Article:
The Boston Diaries

The ongoing saga of a programmer who doesn't live in Boston, nor does he even like Boston, but yet named his weblog/journal “The Boston Diaries.”

Go figure.

Monday, Debtember 01, 2008

Various shades of grey

Now, if you agree that there must be something fundamental, in lisps designs, that drives them all to social failure, what could be the root causes? I don't think the scare factor induced by parentheses is a real reason. Just look at the kind of scary, steaming piles of crapware Java developers are willing to learn: they're OK with filling a 2 meters long shelf with manuals explaining how to have ORM and hibernation. The more verbose and unreadable a design pattern is, the more they love it. XML is much much scarier than sexps, yet consulting services are hysterically excited by it. No, really, it would take much more than parentheses to scare a Java programmer.

So what could be the features of “normal” syntax that are missed by sexps? [link added —Editor] Most notably, normal syntax gives you a feeling of what's idiomatic vs. what's weird. This means the syntax encourages you to write in a certain way, and hopefully everyone will be encouraged to write in the same style, thus understanding each other's code better. This helps bringing you interoperability and favors the writing of reusable code.

With sexps, it's much harder to create, maintain and convey such opinions in the code's appearance. Everything tends to look casual, and if it doesn't, just add a macro to make it look OK. It's difficult to build a shared seense of Good and Evil under these conditions, and without this consensus you'll have a hard time building a functional social group!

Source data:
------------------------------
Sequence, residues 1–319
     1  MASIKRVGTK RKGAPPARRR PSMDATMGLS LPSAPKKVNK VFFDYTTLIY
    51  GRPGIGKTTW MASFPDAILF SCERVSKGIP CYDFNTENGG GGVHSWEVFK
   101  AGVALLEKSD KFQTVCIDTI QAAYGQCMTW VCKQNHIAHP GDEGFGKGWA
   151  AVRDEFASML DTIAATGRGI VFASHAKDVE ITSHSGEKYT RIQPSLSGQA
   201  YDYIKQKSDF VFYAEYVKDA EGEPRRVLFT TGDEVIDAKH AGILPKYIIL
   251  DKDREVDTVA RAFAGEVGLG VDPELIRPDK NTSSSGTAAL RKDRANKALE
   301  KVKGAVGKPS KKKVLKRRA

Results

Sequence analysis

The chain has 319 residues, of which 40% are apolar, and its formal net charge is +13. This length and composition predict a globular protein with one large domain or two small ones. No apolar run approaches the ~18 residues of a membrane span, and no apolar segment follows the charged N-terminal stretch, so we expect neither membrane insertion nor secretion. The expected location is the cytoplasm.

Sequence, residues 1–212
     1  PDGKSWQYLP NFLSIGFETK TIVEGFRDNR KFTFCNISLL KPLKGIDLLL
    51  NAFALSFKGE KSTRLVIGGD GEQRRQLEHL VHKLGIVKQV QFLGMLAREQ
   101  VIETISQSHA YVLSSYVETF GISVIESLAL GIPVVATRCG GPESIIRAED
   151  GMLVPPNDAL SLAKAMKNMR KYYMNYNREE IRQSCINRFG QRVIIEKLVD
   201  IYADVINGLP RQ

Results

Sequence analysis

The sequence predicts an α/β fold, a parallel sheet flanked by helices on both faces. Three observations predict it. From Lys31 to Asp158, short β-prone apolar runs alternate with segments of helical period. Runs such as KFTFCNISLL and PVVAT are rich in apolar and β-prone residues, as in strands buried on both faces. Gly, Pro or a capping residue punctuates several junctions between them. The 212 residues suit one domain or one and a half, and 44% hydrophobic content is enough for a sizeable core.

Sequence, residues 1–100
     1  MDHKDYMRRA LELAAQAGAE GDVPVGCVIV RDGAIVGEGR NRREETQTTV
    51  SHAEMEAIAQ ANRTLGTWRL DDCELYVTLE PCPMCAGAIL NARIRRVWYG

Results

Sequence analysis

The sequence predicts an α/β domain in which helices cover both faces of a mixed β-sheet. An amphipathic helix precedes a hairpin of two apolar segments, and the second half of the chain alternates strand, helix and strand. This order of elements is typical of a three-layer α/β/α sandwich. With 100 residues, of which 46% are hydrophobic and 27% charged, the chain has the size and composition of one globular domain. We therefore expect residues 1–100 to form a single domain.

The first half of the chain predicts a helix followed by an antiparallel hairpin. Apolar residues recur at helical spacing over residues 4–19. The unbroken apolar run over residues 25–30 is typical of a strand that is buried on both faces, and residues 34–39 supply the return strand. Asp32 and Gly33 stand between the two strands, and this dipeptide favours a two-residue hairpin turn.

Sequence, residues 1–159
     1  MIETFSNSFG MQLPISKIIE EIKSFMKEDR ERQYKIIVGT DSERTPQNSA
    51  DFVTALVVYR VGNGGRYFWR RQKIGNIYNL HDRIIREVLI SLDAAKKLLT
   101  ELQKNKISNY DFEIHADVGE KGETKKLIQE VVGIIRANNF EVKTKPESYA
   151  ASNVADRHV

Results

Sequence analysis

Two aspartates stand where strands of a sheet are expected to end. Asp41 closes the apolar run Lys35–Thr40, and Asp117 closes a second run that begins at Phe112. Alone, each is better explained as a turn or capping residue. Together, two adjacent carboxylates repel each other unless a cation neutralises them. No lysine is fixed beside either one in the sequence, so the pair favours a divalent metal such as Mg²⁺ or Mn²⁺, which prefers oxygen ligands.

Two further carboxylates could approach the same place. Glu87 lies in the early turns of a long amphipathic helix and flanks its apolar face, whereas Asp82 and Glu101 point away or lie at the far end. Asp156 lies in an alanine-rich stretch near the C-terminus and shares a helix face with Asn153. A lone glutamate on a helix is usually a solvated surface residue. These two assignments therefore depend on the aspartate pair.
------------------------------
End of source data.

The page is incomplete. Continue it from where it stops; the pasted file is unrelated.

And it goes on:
Via metalua metalua 0.4

I think this brings up yet another aspect of Lisp I don't like—it all looks the same, regardless of what the code is doing.

For example:

(assert (>= 
          (cell-size (aref 
                      (aref (global-state-stack gs) (global-state-sundo gs)) 
                      y 
                      x))
          1))

(Not that I expect any self-respecting Lisp programmer would ever write such Lisp—I'm just making a point here.)

It's hard to see that it's rereferencing a structure field from a two dimentional array stored in an array of structures. The corresponding C code is a bit clearer on this (a real-life example taken from a program I wrote):

assert(gs.stack[gs.sundo][y][x].size >= 1);

It's clear that there are a few array and structure references (and a lot quicker to type, which seems to be an argument that those muddle-headed dynamic programmers love to make, not to say they like Lisp any more than I do).

Now sure, once you know what AREF does, you can see the array references, but what about that (global-state-stack gs) business? Well … yes, it's a function, but it just so happens to return the stack field from the global state structure named gs (but equally, it could have been returning the state-stack from the global structure named gs—but you won't know until you track down the proper DEFSTRUCT call).

Again, the C code makes it more visually explicit what's going on (well, in one aspect anyway—the meaning of the code is another thing entirely). Different things look different.

(Actually, now that I look at the C code, sundo is a bad name for that particular variable—it should really be sp (stack pointer) since that's what it's really used for; the sundo name derives from how I originally viewed the function of that variable, which was keeping track of states to undo. I should probably rename that variable to better reflect what it's actually used for, but I digress … )

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